One of a kind for its unique combination of architecture, art and beautiful environment, Villa Arconati in a certain sense symbolizes our contemporary interest in the journals of travelers past. Embraced by nature in an immense park, the Villa is an artistic jewel that effectively defines the grand architectures of the Renaissance, the pomp of the seventeenth century, the romanticism of the nineteenth century, and continues to do so even now.
One of the things modern travelers tend to do is to choose the places and landscapes described in old travel guides, and then visit them under the incomparable guidance they give. This is probably why we’re seeing a renewed interest in this sort of travel literature.Reading through the journals of travelers past, whether distant or recent, gives us a unique insight into some of the most evocative, historically rich routes of the European continent, opening them to discovery through the perspectives offered by other literary and visual cultures.
The narratives and images the guides conjure cast an estranging light on ancient routes obscured by the shadows of the past, almost as if travelled for the very first time.
These places, both real and imaginary at the same time, often coincide with the very spaces traveled by the cultured traveler of whom Aldous Huxley spoke when he stated that a journey must be a movement in time, as well as in space, “an excursion through the history of thought “. From these unprecedented recompositions of some of the most celebrated routes of the past comes an invitation to discover places of extraordinary evocative power, itineraries to be experienced with inventiveness and discretion, almost as if they proposed an itinerant reinterpretation of the past.
One of these is Villa Arconati-FAR, located just 10 km from the center of Milan in a place where time seems to have stopped. Set in the green heart of the Groane Park, it has miraculously kept its identity intact, without being absorbed into the surrounding urban fabric.Among the most illustrious examples of the majestic Villas of delight of the Milanese aristocracy, Villa Arconati has maintained its timeless charm, enriched by four centuries of history.
But the villa would not be what it is today without Count Galeazzo Arconati, who bought the Castellazzo country estate in 1610 and began its transformation. It was he who created the Italian garden with classical statues and water features, designed through his own studies of Leonardo’s Codex Atlanticus. Arconati bought the villa at a time when no one had yet understood the its unique value of the codex, which was donated by him to the Ambrosiana Library in 1637.
Four generations of Arconati demonstrated their greatness through the “delights” of their villa, which over the centuries was enriched with wonders for all the senses, to the point that it became a favorite destination for artists and writers at the court of Giuseppe Antonio Arconati in the eighteenth century. Carlo Goldoni, a guest in the villa in the summer of 1747, dedicated his “Putta Onorata” to him, and for him the Galliari Brothers, scenographers of the Scala, created the spectacular fresco in the reception room on the main floor.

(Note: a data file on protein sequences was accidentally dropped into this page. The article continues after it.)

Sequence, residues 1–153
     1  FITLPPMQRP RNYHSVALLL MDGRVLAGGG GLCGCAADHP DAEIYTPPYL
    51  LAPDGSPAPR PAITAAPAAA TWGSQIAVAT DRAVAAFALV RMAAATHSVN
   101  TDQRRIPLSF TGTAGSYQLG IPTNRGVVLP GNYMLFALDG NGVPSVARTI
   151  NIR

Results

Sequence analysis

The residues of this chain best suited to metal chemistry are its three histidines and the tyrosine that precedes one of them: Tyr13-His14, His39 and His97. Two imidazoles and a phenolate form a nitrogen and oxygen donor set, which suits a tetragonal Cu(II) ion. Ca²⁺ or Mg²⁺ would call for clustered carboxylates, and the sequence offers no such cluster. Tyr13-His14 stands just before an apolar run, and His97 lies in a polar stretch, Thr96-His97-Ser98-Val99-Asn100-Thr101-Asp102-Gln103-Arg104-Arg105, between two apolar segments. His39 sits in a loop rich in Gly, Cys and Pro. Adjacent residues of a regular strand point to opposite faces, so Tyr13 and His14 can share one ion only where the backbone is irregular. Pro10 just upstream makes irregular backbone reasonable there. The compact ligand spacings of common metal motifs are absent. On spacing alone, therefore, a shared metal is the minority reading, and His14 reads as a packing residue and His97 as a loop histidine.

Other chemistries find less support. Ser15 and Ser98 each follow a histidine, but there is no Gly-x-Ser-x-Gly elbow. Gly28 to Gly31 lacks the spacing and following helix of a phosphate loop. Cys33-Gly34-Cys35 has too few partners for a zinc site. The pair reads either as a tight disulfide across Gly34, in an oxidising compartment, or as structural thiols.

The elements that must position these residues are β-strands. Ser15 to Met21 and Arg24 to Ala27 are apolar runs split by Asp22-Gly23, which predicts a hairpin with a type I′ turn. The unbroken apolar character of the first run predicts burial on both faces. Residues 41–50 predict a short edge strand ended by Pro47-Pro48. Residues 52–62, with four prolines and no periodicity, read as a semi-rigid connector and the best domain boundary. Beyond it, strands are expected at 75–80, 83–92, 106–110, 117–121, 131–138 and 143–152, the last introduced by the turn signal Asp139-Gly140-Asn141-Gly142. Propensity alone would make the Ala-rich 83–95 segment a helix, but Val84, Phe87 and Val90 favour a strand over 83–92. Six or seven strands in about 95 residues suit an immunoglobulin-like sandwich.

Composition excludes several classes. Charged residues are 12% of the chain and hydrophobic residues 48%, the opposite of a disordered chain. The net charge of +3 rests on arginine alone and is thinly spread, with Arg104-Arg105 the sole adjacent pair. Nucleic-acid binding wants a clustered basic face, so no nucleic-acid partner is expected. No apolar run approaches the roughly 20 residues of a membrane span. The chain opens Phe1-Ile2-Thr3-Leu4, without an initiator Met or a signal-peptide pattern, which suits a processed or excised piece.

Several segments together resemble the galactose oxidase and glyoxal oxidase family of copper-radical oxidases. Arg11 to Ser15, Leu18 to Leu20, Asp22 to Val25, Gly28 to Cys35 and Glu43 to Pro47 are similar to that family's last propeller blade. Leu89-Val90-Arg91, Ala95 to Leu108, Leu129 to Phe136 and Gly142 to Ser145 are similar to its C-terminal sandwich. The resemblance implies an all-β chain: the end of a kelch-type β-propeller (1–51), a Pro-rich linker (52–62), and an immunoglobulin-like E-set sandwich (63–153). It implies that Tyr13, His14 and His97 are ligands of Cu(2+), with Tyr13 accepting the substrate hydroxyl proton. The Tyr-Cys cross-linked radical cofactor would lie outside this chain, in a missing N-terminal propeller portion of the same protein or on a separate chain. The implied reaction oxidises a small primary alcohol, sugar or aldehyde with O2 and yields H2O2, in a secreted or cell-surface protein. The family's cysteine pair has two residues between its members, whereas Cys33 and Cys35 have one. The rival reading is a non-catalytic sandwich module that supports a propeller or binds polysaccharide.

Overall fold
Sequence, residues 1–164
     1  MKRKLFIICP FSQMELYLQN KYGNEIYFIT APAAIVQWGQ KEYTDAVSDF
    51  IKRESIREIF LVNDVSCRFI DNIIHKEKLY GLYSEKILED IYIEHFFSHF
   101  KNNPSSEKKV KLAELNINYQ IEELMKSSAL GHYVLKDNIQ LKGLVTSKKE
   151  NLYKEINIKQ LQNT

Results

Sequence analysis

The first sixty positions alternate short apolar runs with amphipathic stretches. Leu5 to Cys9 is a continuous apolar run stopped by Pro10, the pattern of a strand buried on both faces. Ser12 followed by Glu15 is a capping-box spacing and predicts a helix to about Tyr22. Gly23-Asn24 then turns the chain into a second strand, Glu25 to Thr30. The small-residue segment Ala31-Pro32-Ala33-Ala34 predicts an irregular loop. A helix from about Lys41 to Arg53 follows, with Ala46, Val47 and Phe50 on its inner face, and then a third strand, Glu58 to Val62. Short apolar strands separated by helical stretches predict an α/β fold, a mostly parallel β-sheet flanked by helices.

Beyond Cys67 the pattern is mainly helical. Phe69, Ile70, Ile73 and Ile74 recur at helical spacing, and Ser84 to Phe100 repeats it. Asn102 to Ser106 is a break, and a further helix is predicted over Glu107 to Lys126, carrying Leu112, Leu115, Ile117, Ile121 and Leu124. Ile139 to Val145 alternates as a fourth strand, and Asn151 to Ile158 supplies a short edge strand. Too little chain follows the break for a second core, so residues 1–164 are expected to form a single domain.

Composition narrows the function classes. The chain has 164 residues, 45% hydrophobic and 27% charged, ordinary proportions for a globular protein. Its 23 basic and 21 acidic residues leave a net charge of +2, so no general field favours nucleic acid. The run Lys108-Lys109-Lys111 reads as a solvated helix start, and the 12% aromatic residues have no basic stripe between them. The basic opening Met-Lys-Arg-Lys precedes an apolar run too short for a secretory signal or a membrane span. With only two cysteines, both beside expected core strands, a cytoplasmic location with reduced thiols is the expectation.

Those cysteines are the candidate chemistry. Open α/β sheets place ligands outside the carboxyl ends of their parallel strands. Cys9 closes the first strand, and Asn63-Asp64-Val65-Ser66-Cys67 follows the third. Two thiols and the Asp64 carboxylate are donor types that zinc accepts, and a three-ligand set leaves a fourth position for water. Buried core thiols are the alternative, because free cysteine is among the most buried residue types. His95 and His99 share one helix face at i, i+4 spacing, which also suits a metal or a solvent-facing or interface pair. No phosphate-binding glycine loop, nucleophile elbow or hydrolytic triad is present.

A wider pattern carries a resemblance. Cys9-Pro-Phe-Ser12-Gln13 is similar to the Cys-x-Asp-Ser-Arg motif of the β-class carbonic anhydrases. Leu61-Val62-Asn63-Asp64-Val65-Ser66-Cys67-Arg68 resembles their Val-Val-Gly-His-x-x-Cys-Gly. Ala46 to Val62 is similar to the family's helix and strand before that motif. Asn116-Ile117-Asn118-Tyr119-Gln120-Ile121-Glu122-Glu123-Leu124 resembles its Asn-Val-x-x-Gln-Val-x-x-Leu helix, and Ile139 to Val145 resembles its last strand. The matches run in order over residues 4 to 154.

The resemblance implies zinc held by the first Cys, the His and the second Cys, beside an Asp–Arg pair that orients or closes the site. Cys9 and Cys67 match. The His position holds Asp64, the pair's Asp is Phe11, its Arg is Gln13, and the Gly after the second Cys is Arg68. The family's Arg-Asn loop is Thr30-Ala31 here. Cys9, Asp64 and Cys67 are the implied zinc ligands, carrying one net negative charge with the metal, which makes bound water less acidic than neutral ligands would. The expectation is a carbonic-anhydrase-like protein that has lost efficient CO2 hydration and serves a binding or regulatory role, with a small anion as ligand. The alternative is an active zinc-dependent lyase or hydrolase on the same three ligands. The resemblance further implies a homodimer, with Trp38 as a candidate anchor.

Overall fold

However, we shouldn’t be led to believe the golden age of the villa ended with the death of the last of the Arconatis in 1772. In the first half of the nineteenth century the merit for restoring the entire complex, respecting the taste and style that had made this place unique over the course of two centuries, deservedly goes to the Marquis Antonio Busca,. Without his intervention, perhaps today there would be nothing left to recall the glorious past of the Arconati. Through the twentieth century, which saw hard times for the population devastated by the two world wars, three generations of Donne took care of the Castellazzo and kept it alive with the means at their disposal: they installed electricity and heating, and used the villa was their refuge in times when Milan was not safe.
After the death of Donna Beatrice Crivelli, the last resident of the villa in the 1990s, the villa experienced its darkest moment: the artistic heritage was sold and the gardens abandoned.
Now the Augusto Rancilio Foundation has the ambitious project to restore Villa Arconati-FAR to its former glory, to give the entire complex a new lease of life in a modern, sustainable and future-oriented approach, and carry forward the memory and the project of those who over four centuries of history believed in the unique nature of this immortal place.
Surely a worthy journey in pursuit of art, offering something new and different, enabling a tourist to regain possession, albeit for the brief space and time of a short itinerary, of the lost role of “cultured traveler”.